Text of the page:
No other place has been so warmly spoken of by people, as Oaxaca. It hosts some of Mexico’s most vibrant natural terrain – from tropical forests, to high mountains, lush arable valleys, breathtaking rugged Pacific coastland and quiet coves offering tranquil beaches with soft sands. Besides the numerous important archaeological sites like Monte Albán, Cuilapan, Dainzú, Lambityeco, Yagul, Zaachila, San José el Mogote and Huijazoo, other areas of outstanding natural beauty include the 2000-year-old tree at Santa Maria del Tule; the Hierve el Agua (‘Boiling Water’) near San Lorenzo Albarradas; and the lagoons at Chacahua and Manialtepec. There are three principal beach resorts along the Pacific Coast – Puerto Escondido which is a surfer’s paradise, Puerto Angel with its famous Zipolite Beach, and the Bahias (‘Bays’) de Huatulco. The latter is a group of nine interlocking bays set against rainforest-covered mountains. These well-equipped resorts with charming secluded beaches and numerous luxury hotels attract many tourists from all over the world.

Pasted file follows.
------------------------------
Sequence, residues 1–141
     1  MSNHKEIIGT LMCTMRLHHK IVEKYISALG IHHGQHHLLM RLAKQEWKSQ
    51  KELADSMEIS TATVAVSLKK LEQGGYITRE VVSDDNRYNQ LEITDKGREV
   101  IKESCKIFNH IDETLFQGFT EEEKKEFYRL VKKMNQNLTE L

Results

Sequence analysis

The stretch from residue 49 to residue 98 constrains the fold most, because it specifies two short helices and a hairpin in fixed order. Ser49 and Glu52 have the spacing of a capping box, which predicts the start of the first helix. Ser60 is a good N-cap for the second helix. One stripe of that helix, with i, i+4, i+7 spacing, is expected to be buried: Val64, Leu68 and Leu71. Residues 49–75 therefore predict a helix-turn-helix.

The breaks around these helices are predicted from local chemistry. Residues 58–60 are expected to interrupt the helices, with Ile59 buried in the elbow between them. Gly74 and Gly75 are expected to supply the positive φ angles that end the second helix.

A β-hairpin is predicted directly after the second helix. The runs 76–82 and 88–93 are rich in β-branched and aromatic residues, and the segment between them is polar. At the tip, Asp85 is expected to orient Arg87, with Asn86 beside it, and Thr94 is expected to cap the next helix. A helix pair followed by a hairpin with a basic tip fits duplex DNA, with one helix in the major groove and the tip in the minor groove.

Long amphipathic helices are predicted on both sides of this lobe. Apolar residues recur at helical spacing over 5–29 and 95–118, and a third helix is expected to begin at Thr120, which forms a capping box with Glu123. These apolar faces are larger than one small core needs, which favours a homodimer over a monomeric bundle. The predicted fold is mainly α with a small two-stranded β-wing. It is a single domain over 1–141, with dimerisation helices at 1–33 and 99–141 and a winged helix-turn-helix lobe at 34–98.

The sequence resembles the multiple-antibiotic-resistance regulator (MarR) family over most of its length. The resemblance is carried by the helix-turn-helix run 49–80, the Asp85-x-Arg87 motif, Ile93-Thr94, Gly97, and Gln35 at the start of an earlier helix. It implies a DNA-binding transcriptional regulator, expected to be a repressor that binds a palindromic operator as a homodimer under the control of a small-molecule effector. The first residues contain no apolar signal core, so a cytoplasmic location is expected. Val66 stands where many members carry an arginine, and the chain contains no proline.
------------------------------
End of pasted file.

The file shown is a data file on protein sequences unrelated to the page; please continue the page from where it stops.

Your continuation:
The cuisine of Oaxaca is famous throughout Mexico, mostly for its tamales, mole, and cheese and chocolate.
Famed for its seven moles, Oaxaca is called Tierra de los 7 Moles (Land of the 7 Moles). Yet, there are many more varieties of moles. The rich and smooth chocolate-based sauce with a variety of spices and chiles (chillies) is extremely popular in this region with its most famous variety being the mole negro (black mole). Mole is also available in markets as a readymade mix which has to be combined with chicken broth and a dash of oil and simmered with meat.